At the Fort Mason Center, located in the windy northern part of San Francisco, I sat down with Executive Director Julie Mushet in the World Arts West (WAW) office. Accompanying us was Julie’s four-month-old baby, and the gracious staff who were busy in their preparations for the 31st San Francisco Ethnic Dance Festival this June. Having observed recent Ethnic Dance Festivals as an audience member, backstage volunteer and housemate to someone who used to work for WAW, I was curious to hear from Julie about her roles as an arts administrator, caregiver, and visionary a year after two landmark events: the 30th anniversary of the Festival, and the birth of her new child.
Q: What first sparked your interest in traditional or culturally specific dance?
Julie: I began dancing as a young girl in Los Angeles. I had been studying tap dance for several years when a Polynesian dance teacher began offering classes. I fell in love with Hawaiian and Tahitian dance and studied both from ages 10 to 14. I performed in luaus throughout southern California during this time, and while the gigs were not so great, as everyone was usually really drunk, I loved getting paid. I was a bit of a freak being young, blonde and fair-skinned in a company of older, brunette, dark-skinned Polynesian women. But we had a lot of fun, and I loved dancing. Then the dance studio lost its lease, my teacher disappeared, and that was that. I didn’t start dancing again until I was a student in the modern dance program at UC Berkeley. There I began my work in arts management where I organized strategies to bring students to the performances at Cal Performances. I also staffed the green room, and it was thrilling to meet Bill T. Jones, Mark Morris, Marcel Marceau, Ravi Shankar … so many incredible artists.
Do you identify with a specific cultural heritage, and how does this help or hinder your role as executive director?
My cultural heritage is a real mix, being descended from Sicilian farmers and mobsters, Scottish royalty, French seamstresses, and an English Mayflower pilgrim. During my 20s, I spent several years exploring the world, and I learned from my travels that I feel most at home in Sicily and Bhutan. But I am married to an Egyptian and we eat mostly Mexican, Chinese, and Thai food …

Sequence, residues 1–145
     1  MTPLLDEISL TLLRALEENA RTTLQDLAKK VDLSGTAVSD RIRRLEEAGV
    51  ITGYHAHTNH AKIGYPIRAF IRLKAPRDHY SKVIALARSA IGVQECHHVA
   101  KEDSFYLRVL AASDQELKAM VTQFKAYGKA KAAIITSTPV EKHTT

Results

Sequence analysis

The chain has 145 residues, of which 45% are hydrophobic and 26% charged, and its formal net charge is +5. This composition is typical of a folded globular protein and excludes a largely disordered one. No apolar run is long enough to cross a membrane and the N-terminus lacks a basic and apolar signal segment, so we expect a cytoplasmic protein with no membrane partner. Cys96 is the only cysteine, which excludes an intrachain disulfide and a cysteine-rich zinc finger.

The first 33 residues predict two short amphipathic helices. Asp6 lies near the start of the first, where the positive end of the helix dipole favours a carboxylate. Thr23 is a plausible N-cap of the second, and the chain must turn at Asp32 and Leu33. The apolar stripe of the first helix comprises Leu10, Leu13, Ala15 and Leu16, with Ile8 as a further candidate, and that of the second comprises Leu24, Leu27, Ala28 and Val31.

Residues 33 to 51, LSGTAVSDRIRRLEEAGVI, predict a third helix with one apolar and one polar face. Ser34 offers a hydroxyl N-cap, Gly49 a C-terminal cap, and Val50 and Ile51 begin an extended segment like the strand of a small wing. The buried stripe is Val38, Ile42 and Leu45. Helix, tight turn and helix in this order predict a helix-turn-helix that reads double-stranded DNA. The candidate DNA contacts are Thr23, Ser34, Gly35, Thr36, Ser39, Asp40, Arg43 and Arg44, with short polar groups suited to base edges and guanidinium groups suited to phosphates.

For the past two and a half years I’ve been dancing with Patrick Makuakane’s Hawaiian halau, Na Lei Hula I Ka Wekiu, and I am very happy there. But as executive director of World Arts West, I make a conscious effort to make sure that I do not give any preference to Na Lei Hulu, Patrick, or any of the other Hawaiian companies. I loved presenting Na Lei Hulu in 2003 and 2008, but no more than the other great companies that are part of the Festival each year.
I’ve heard mention concerning a name change for the Festival. Can you talk a little on that?
It’s consistently the experience that someone who’s not initially interested in this work comes to the Festival and genuinely shifts saying, “That was the most fun I’ve had in years. I can’t believe I didn’t know about this.” I think that a lot of the misperception may be tied to “Ethnic Dance Festival”—just the terminology being something in someone’s mind that they think they don’t want to go see, unfortunately. Also, many people have only seen ethnic dance forms presented poorly, perhaps outdoors on park stages, or being mocked on television by actors—so they have an existing imagery that is difficult to get beyond.
It [the terminology] has a feel of obligation perhaps?
I think that it is interesting that most people don’t have similar perceptions associated with “ethnic foods.” You go to an ethnic food festival and people are open to having great culinary experiences. So what is it about taking the word “ethnic” and connecting it with dance or music that makes it so different than a culinary association?
How do you define ethnic dance? Have there been debates on whether or not a particular form would be considered ethnic dance?